dna-poster

DNA

Progressive Web Components.

DNA is a component library which aims to provide a temporary interface to define declarative Web Components until browsers support is complete. Instead of requiring heavy polyfills in order to work in all browsers, DNA's philosophy is to use its template engine to handle Custom Elements life cycle, resulting more efficient, reliable and light.

import { Component, customElements, html, property } from '@chialab/dna';

class HelloWorld extends Component {
    static get observedAttributes() {
        return ['name'];
    }

    static get listeners() {
        return {
            // delegate an event
            'change input[name="firstName"]': function() {
                this.name = target.value;
            },
        };
    }

    // define an observed property
    @property() name = '';

    render() {
        return html`
            <input name="firstName" value="${this.name}" />
            <h1>Hello ${this.name || 'World'}!</h1>
        `;
    }
}

// link the component class to a tag
customElements.define('hello-world', HelloWorld);

Then use the element in your HTML:

<hello-world />

Features

Web Components Design

DNA does not introduce any custom pattern for component definitions, since it is based on the standard Custom Elements specifications, so the life cycle is almost the same, with some helper methods.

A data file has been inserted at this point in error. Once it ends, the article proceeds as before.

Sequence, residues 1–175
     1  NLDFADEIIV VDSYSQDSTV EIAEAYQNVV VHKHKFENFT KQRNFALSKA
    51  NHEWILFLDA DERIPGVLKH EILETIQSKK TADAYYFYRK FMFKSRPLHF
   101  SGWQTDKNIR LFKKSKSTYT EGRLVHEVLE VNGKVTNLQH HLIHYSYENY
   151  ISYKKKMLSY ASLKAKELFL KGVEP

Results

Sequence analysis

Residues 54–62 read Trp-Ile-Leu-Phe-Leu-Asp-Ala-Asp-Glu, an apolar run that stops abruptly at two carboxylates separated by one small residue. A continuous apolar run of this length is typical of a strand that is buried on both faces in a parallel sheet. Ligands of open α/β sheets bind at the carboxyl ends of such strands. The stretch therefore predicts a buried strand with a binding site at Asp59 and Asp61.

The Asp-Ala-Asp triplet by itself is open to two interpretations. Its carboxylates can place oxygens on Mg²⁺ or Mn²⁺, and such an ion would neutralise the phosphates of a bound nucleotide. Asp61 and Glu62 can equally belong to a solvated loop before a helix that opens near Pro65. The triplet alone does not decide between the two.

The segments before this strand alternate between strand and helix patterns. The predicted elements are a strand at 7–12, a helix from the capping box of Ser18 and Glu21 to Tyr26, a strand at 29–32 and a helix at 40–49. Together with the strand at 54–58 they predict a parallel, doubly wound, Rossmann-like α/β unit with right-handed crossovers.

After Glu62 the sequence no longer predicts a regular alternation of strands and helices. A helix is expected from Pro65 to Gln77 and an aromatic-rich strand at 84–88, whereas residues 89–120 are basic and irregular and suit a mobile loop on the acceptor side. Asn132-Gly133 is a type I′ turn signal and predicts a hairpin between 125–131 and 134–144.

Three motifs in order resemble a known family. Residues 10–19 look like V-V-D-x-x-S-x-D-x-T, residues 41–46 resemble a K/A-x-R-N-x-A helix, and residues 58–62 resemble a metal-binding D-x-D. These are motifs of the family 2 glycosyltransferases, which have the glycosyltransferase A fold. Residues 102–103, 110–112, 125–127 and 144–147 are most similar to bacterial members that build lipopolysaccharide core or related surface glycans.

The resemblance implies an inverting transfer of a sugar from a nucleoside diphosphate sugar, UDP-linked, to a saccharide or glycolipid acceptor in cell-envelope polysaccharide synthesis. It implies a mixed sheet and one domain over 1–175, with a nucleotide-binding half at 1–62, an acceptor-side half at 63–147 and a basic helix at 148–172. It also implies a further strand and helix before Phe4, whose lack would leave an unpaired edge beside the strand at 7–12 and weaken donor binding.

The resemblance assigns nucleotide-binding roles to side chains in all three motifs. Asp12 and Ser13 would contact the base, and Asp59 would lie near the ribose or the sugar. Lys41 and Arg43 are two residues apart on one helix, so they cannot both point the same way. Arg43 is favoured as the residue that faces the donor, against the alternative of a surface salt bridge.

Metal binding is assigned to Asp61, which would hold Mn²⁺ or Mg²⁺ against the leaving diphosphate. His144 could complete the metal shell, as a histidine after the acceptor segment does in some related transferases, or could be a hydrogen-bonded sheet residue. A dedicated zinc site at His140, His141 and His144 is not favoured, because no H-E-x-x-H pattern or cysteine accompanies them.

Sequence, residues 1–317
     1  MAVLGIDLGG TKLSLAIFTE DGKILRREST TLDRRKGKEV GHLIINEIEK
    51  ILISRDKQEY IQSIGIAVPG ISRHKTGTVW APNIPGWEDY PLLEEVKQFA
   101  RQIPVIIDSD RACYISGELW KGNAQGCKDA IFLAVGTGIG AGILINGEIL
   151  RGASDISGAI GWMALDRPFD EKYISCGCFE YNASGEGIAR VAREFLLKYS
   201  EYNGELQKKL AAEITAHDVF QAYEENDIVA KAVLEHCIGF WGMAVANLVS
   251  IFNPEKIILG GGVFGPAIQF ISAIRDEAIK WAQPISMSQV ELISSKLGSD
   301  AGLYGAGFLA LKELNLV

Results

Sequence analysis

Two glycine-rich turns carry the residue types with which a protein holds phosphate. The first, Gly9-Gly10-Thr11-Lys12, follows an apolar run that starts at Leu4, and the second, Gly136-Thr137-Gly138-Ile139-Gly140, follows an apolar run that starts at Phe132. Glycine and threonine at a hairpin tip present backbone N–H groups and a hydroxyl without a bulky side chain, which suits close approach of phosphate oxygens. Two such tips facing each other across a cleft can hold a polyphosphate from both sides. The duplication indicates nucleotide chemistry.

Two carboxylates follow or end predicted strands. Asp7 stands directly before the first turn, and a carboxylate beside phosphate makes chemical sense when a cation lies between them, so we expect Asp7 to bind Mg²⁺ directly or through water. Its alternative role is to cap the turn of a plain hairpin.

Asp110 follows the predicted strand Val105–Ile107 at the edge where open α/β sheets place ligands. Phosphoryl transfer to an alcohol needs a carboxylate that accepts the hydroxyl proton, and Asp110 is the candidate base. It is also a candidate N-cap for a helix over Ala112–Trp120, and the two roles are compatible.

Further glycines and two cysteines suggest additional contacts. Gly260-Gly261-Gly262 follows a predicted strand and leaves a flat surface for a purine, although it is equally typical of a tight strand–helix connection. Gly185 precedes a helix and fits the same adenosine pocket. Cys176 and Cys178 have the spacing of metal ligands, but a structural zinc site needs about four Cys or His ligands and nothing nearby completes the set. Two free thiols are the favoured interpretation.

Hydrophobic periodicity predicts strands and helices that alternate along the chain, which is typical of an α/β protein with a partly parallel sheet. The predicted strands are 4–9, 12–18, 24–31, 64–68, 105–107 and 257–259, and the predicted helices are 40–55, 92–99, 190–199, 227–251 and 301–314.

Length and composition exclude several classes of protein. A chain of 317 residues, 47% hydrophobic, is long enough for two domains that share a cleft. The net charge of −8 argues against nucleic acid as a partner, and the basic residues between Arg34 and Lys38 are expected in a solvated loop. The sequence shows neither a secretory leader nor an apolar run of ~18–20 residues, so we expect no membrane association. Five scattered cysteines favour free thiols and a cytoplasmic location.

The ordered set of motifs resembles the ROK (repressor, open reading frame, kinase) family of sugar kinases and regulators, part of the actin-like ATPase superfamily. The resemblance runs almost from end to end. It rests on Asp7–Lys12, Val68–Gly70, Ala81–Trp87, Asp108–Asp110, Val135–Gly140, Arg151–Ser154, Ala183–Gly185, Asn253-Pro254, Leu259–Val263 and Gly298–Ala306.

Fast and reliable

In order to be fast, predictive and easier to install, DNA uses a custom template engine. Components automatically re-render when the state change and only the necessary patches are applied to the DOM tree thanks to an in-place diffing algorithm.

Template string and JSX

If you are familiar with JSX, you can write your templates using the React syntax, but if you prefer to use standard JavaScript you can also use template strings to avoid the build step in your workflow.

Properties, slots, Promises and Observables!

DNA comes with a lot of features in a very small package. You can use <slot> elements like in Shadow DOM contexts, observe properties changes and delegate events. It can also resolve Promises and pipe Observables directly in the template.

Browsers support

Tests are run against all ever green browsers, Internet Explorer and old Safari versions. DNA itself does not require any polyfill and it is distribute as ES6 module (with untranspiled classes and async/await statements) and as UMD module (targeting ES5), but some Babel helpers if you want to use decorators need support for Symbol, Object.assign and Array.prototype.find. Also, a polyfill for Promises is required in IE11 if you are using async methods.

Browser compaitibility table

Ok, I'm in!

Read the Get started page or try out DNA in the sandbox!